Location: Atlanta, GA
Distribution: Slackware 9, FreeBSD 5.1
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too late

since that post, i have installed slackware 9 on an HP pavilion ze5300. everything works, and is tweaked to the way i like it

cd burner works, dvd -rom works, truetype fonts installed, gtk2 libraries, xine works great, hackedbox windowmanager configured the way i like it, artwiz fonts installed, ms core fonts installed, apache2 web server configured and runs whenever/where ever.

all i have to do now is configure pcmcia and usb. since slack 9 hangs whenever, i will wait until the 2.6 kernel becomes stable, install it, then try to configure usb and pcmcia again (hopefully they will work)
Old 02-18-2004, 08:40 PM   #55
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Registered: Oct 2003
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toshiba a20 sp259 and suse

guys, i was wondering if any of you have the same laptop as I do (toshiba a20 sp259). i need to install linux to do school work. i was thinking of suse because of samba?, that way i could access my xp partition for the mp3īs. its suse 8.2. I also have rehat 9 but no last i checked i could listen to mp3īs, who knows why. of course in the end i would have to choose which ever one worked best (with the least hardaware problems), regardless of wheater i can listen or not to my music.

any help would be greatly appreciated
Old 02-26-2004, 09:33 AM   #56
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Registered: Feb 2004
Location: Gothenburg, Sweden
Distribution: Mandrake Linux
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If you are using a laptop with wireless extensions....

I must say that Mandrake 9.2 is great, it works fine with my laptop which is an IBM ThinkPad T40.
Just had some small troubles with the wireless extension.... but it was fixed pretty fast.

I tried SuSE 9.0 but neither the power management nor the wireless worked...

But my conclusion is:
Use any distribution you like! But if you want to have less fixing, choose Mandrake 9.2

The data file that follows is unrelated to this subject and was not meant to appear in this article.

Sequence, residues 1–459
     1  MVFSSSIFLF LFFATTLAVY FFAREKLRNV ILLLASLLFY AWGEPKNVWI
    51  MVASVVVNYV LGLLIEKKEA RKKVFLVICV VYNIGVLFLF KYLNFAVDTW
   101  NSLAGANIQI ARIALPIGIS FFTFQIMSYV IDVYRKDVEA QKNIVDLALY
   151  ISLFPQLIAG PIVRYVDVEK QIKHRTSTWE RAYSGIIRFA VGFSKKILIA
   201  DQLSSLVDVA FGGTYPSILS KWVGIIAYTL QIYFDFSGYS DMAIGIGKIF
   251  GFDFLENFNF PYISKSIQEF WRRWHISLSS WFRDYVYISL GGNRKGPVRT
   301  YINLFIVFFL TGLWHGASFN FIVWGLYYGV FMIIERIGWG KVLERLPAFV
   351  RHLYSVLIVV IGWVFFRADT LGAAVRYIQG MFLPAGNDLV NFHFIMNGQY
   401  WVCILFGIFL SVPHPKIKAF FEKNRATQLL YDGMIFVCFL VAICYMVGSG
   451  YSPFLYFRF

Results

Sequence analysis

Have fun!
Old 02-27-2004, 06:14 PM   #57
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Registered: Feb 2004
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I'd go with SuSe

I've tried Red Hat 9, Mandrake 9.2 and SuSe 9 (AND THIS ONE WILL STAY!)

The problem with Red Hat was that since my laptop is kinda new (HP ze4610us) the drivers for the screen/graphic card were not there.
I had to manually edit the XF86Config file (following suggestions on a linux-on-laptops page).
Then, since the kernel is so old (2.4.20-18) ACPI was not functional. Here, I followed an article on Linux User & Developer mag. that said to forget about ACPI if you had a kernel older than 2.4.22
I tried to compile a new kernel, but being the newbie I am, I could never get all the modules right, and the darned thing never rebooted with the new kernels that I tried with...

The I tried Mandrake 9.2, which has a newer kernel (2.4.22) and better drivers for the graphics card. But installing packages that had given me no problem with RH9 were a pain in Mandrake. Mozilla, Java SDK, they all gave me fits when installing and finally went in after long fights...

Today I tried SuSe, and it went in like a charm. ACPI was perfectly configured from the start (lower the brightness of the monitor when you unplug the AC adaptor, etc., etc.). It did not, however, install Mozilla and is giving me some trouble putting it in.

In general, I liked RH's gnome interface, but I can live with SuSe's KDE (although I still think is waaaay more complicated). I did not care much for Mandrake overall.
Old 02-28-2004, 08:44 AM   #58
Registered: Jul 2003
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From your post it appears that you intend to set up a dual or multiboot machine. For RH or Fedora, go take a look at . Use the rpm's and instructions on the linked site and you will be able to read your mp3's from the Windows ntfs partition. There are other distros that are set up to read ntfs by default but I have found the RH based distros useful with the precompiled rpm's that are usually available for the various other programs that I may want to add to my system. If and when I get better at compiling stuff I may have a different opinion but the standardization on rpm's will remain attractive.
Old 02-29-2004, 05:32 AM   #59
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Location: Australia
Distribution: Debian (how much I love apt-get install...)
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I use Slackware on a Dell Laptop. (Inspiron 8200)
It required a bit of tinkering (recompiling kernel to support power management + set up XFree86 correctly)
but apart from that everything is fine.
Old 02-29-2004, 08:12 AM   #60
Registered: Feb 2004
Location: Sacramento, CA, USA
Distribution: Mandrake 9.2
Posts: 159

Rep: Reputation: 30
Mandrake works great on my old Toshiba laptop, even sees the dock (when present) and the items installed on the dock. Power monitors work good as well.

I think it is funny when people say that Mandrake takes away your control and does everything for you. It is very easy to open the control on Mandrake. Even in the install you can simply "Hit F1 for more options" and enter "expert" to go through the install as an expert with a ton of extra options.

I think the kernel version is going to be more important than your distro of choice, I would just avoid distros that may take extra work like gentoo, etc. which are not as well supported by the masses. RPM-based distros are also good to stick with because you can always go to if you find that there is a module or something that you need for your laptop.